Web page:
On-Farm Research Projects 6-1-2015

On-Farm Research Projects 6-1-2015

Nebraska On-Farm Research Network Projects Available

June 2015

There is still time for agricultural producers to get involved with the Nebraska On-Farm Research Network's 2015 projects.

Nitrogen Application Based on Maize-N Study

Growers who are interested in sidedressing a portion of fertilizer nitrogen are encouraged to take a look at Maize-N, a decision support tool for N recommendation. Nitrogen management for corn may be improved by applying a portion of N during the growing season.  This allows N fertilizer availability when the crop is rapidly taking up nitrogen.

Maize-N is a UNL computer program that simulates corn fertilizer requirements.  Its nitrogen fertilizer estimate is based on information provided by the user for the current corn crop, last season's crop, tillage, crop residue management, basic soil properties, fertilizer management, and long-term weather data of the field.  The program first simulates corn yield potential and its year to year variation. Based on these user inputs, the program estimates the economically optimal N rate of fertilizer to apply.

This model has been validated in experiments in central Nebraska, eastern South Dakota, and western Nebraska, including both irrigated and rainfed systems. The economic optimum N rate (EONR) simulated by Maize-N and by more empirical university approaches were compared to actual observed EONR. Those simulated by Maize-N were found to have greater accuracy than the university N recommendation approaches. 

This year, the Nebraska On-Farm Research Network is working with a number of growers to evaluate Maize-N.  The study involves two treatments: producer's sidedress nitrogen rate and the Maize-N sidedress nitrogen rate. 

There is still time to get involved with this project and evaluate this tool for nitrogen management.  You can schedule a meeting to go through the Maize-N tool to generate the nitrogen recommendation for your field.  Contact Nebraska Extension Educator Laura Thompson at 402-624-8033 or laura.thompson@unl.edu.  More information about the Maize-N study is available at http://go.unl.edu/MaizeN.

Late Planted Soybean Population Study

Growers also can participate in a late planted soybean population research project.  With consistent rains, many producers still have soybeans to plant or replant. At this point in the season, what would be the recommended seeing rate? Late planted soybeans form fewer nodes per plant resulting in fewer places to set pods.  The thinking has been that increasing seeding rates will compensate for this as well as increase canopy cover and capture more sunlight.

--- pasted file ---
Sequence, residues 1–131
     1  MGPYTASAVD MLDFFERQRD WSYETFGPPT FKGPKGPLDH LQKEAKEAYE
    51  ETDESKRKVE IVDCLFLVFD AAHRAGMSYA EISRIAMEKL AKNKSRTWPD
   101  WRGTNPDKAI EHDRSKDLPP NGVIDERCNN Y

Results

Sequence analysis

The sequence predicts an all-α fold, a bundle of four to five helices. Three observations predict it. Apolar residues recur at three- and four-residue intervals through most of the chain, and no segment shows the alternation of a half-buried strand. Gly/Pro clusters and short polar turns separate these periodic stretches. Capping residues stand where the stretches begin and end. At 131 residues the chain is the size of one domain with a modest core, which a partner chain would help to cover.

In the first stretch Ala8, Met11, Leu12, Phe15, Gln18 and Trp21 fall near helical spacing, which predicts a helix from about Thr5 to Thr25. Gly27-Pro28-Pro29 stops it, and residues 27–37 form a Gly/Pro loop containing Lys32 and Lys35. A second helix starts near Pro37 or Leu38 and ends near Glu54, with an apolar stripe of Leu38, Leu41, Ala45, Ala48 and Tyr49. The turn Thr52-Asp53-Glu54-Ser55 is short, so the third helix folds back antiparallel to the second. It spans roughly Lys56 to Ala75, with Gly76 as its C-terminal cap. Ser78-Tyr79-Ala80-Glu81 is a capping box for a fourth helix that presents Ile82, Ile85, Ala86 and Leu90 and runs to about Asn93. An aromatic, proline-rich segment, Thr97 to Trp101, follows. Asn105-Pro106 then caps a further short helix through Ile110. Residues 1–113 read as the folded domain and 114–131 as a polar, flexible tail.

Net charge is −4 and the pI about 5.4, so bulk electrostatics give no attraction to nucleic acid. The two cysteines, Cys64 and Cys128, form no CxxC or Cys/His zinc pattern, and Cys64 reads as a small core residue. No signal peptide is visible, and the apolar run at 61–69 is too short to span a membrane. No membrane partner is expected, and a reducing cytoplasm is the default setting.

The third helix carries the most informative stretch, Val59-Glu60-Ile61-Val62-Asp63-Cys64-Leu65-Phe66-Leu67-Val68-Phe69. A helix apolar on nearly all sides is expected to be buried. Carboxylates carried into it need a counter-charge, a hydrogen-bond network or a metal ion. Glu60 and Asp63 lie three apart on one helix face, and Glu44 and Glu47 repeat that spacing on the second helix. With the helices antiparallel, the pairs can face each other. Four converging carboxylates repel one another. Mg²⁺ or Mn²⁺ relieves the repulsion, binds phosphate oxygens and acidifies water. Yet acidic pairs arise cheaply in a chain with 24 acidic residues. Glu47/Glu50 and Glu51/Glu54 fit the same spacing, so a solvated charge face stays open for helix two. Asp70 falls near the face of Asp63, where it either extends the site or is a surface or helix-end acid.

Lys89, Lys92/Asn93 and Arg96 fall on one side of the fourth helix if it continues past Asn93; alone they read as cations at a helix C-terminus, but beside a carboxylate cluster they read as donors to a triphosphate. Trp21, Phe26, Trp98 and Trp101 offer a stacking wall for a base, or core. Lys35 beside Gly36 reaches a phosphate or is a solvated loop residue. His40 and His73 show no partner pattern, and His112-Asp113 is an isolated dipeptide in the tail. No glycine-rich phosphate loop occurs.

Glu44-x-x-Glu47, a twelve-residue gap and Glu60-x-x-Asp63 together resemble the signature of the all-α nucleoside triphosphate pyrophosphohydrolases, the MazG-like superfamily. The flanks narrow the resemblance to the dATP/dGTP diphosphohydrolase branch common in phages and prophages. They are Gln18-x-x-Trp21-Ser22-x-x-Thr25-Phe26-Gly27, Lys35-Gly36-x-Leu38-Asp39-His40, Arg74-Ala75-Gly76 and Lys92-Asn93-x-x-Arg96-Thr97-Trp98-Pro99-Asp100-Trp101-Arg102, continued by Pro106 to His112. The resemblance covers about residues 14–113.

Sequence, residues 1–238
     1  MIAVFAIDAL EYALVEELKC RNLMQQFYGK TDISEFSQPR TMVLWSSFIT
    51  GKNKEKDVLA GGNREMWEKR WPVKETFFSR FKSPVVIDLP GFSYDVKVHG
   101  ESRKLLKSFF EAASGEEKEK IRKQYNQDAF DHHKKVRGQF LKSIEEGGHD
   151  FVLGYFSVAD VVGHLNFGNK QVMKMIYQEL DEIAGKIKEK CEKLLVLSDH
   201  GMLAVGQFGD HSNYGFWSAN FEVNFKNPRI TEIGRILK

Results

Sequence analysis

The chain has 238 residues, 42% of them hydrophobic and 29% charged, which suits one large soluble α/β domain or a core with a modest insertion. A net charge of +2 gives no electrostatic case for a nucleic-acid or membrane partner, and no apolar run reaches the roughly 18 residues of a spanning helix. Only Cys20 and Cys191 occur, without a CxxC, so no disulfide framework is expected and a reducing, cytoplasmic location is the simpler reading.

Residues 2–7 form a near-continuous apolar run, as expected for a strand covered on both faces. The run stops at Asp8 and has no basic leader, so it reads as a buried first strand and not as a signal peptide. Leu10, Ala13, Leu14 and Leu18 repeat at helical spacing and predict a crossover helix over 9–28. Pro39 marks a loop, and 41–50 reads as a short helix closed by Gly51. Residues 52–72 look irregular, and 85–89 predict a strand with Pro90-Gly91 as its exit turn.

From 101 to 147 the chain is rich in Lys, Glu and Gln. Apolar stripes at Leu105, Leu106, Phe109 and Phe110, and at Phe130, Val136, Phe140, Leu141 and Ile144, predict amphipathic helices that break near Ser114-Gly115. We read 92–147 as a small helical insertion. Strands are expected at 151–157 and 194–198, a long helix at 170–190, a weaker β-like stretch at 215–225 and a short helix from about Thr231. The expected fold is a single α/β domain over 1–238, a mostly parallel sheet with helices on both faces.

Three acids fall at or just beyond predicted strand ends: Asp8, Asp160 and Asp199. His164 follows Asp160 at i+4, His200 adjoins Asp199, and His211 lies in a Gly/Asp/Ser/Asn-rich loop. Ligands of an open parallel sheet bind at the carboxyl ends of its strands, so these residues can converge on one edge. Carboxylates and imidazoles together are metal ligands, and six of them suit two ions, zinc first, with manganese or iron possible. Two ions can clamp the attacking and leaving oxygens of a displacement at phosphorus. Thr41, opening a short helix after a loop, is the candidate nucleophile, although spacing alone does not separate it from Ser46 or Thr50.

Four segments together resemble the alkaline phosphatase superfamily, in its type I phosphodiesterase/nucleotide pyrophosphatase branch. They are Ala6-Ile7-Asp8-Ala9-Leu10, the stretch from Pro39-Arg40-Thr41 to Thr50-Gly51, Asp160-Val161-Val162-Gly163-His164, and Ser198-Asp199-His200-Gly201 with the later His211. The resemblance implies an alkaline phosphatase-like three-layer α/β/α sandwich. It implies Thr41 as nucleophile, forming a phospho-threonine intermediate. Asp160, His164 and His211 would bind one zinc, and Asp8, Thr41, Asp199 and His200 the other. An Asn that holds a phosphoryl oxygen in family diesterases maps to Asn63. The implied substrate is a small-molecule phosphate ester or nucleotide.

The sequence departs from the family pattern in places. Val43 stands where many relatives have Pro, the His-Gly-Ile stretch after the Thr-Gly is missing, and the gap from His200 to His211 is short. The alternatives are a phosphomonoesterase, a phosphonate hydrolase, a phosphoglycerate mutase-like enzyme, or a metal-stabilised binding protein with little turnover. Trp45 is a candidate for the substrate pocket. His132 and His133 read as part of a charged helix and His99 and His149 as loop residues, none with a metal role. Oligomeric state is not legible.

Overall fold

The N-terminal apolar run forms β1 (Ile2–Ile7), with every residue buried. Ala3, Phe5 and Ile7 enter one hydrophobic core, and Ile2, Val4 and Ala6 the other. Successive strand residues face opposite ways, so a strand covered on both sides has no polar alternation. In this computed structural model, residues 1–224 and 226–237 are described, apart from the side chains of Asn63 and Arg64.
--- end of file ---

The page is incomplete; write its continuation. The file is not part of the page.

Most universities have suggested increasing seeding rates when planting soybeans in June. However, research done in Iowa showed that soybean seeding rates don't need to be increased as planting is delayed to early June. Previous on-farm research conducted in Nebraska on soybean seeding rates were conducted in April and May. The results suggest that seeding rates greater than 120,000 seeds per acre (with a final stand of 100,000 plants per acre) rarely increase yield.  Is the same true of soybeans planted in June? 

A protocol to test this question was developed by Nathan Mueller, Dodge County Extension Educator.  If you are interested in looking into this question, you can contact him at 402-727-2775 or Nathan.mueller@unl.edu.  The protocol is available at go.unl.edu/latesoybean.

Product Evaluation Studies

Finally, the Nebraska On-Farm Research Network is partnering with industry to research several products available to farmers.

"With so many options on the market, it is important for farmers to evaluate if these products are effective as claimed and if they provide an economic return," says Keith Glewen, on-farm research coordinator.  The studies are designed using randomization and replication so that the effect due to the treatment being studied can be evaluated.

The products being studied include:

  • • a seed treatment for Sudden Death Syndrome (soybean),
  • • growth promoter (corn),
  • • growth stimulator (corn and popcorn), and
  • • fertilizer additive (corn).

More Information

For more information and to view detailed study protocols on these topics and more, visit farmresearch/protocols
If you are interested in conducting a study or would like more information, contact your local extension educator, Keith Glewen, kglewen1@unl.edu, 402-624-8005, or Laura Thompson, laura.thompson@unl.edu, 402-624-8033.

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